So, what is astrology? Basically, the horoscope is a map of celestial patterns whose influence catalyzes terrestrial experiences. The patterns mapped in the horoscope are “alchemical” in the sense that energies combine in infinitely various ways so that each instant is different from every other instant. Time is hence inseparable from “event”. The Chinese have profound ways of addressing this concept. Each moment is an event. The memory of events is contained in the vast subconscious vaults of the divine feminine. Memories are reactions to experience. What we call therefore call “experience” is really a memory. Together, memories have patterns, but their patterns are different from the celestial patterns.

Archetypal Patterns

Celestial patterns are archetypal. They map Divine Idea and represent Intent or Destiny. Experiential patterns are personal. They are karmic. Fate?what happens in any given moment of Time?is a mixture of destiny and karma. Ideally, in a perfectly balanced individual, the personal would resonate as a response?as opposed to reaction?to the Divine. The Chinese describe the ideal interaction of celestial and personal patterns by a human being suspended between Heaven and Earth, a person acting as an intermediary between the two realms of existence.

In the horoscope, experience is represented by the Moon and its condition by sign, house, and aspect and other factors. Soul intent is portrayed by the Ascendant and its ruler, destiny by the Midheaven. The individual is the conscious being living, likely as not, unaware of the unconscious forces that determine the Fate that occurs in each moment.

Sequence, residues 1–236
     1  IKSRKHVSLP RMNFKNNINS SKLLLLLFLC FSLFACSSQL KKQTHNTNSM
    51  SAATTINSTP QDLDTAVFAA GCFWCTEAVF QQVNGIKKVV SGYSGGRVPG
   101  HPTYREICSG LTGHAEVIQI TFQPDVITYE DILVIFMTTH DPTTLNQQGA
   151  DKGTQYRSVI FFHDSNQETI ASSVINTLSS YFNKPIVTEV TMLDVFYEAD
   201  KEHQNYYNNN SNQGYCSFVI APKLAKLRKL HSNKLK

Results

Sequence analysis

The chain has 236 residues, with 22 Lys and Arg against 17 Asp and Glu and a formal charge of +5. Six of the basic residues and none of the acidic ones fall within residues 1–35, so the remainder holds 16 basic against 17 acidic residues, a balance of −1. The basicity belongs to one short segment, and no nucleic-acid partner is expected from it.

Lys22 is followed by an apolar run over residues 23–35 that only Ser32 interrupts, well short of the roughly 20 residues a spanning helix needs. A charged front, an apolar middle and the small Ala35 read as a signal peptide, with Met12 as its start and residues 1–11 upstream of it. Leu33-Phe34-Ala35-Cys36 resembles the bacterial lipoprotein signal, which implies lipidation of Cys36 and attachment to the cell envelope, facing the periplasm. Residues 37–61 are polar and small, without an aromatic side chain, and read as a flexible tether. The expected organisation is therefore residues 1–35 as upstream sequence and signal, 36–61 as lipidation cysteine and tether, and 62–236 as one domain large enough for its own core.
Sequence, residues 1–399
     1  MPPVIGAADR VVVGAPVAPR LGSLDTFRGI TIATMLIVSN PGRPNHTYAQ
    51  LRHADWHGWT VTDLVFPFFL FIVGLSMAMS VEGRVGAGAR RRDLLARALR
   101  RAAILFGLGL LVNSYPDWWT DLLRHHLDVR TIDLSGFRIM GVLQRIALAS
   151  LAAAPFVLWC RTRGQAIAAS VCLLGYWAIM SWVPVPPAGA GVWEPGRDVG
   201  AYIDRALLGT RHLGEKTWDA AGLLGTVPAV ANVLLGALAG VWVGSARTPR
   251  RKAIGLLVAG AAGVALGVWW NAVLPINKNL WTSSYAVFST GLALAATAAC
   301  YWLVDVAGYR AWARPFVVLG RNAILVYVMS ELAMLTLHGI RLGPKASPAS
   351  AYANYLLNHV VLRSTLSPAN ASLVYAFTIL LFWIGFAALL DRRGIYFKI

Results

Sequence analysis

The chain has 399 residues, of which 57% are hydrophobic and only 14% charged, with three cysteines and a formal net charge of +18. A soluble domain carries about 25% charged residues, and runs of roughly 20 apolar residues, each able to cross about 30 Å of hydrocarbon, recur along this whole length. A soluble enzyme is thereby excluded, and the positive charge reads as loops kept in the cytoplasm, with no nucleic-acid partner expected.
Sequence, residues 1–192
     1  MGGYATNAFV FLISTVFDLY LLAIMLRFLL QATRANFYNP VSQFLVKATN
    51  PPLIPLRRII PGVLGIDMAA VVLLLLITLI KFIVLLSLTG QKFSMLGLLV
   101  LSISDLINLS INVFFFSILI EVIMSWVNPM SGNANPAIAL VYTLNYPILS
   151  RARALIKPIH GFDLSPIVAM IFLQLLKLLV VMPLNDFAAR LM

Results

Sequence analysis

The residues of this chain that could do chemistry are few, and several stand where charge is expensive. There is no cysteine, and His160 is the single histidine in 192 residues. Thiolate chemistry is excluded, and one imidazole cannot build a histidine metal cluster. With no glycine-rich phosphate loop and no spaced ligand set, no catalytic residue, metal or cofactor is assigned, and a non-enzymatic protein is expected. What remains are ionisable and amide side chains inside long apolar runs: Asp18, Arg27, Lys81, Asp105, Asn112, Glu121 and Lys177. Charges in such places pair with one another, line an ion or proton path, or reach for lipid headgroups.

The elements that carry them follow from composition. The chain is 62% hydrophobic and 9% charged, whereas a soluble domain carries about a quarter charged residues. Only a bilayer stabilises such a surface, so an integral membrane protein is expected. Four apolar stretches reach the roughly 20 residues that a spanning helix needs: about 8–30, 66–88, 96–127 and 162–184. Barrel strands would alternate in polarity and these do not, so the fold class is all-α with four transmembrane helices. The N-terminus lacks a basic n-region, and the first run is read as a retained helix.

Interestingly, the unconscious forces, the patterns of celestial and personal energies, exist outside of Time. Time exists in the manifested world where incarnational experiences are taking place. In other words, the personality, the Sun, is ephemeral?as are the moments we perceive as linear Time. The subconscious, or realm of personal memory, is built of reactions to moments which we call experience. It is entirely idiosyncratic and formed out of the past. Thus, if one were to dwell in the subconscious, the past would reverberate and give the impression, emotionally, that it is repeating. This is what is called karma and why, on a personal level, it is very difficult to create new experiences.

If one were instead to become soul conscious, one would see destiny as a state of beingness, not unmanifest and waiting to happen, but complete. It is only in the personality that we think that the future has not yet happened. Likewise, from the vantage point of the soul, the past is not entirely real. Reality, for the soul, is the expression of the soul?s truth which is, as noted, complete in its “mind”.

What does this have to do with astrology? To the extent that astrology is a tool used to guide individuals through their lives, it is important to recognize the forces which shape the moment. This does not mean that astrology is fatalistic, rather that Fate itself is born of the commingling of destiny and karma, the proportions of which differ according to the instant and the individual.

About author:
Ingrid Naiman

Articles by Cherry Sage

Most popular posts

Cherry Sage blog

Contact me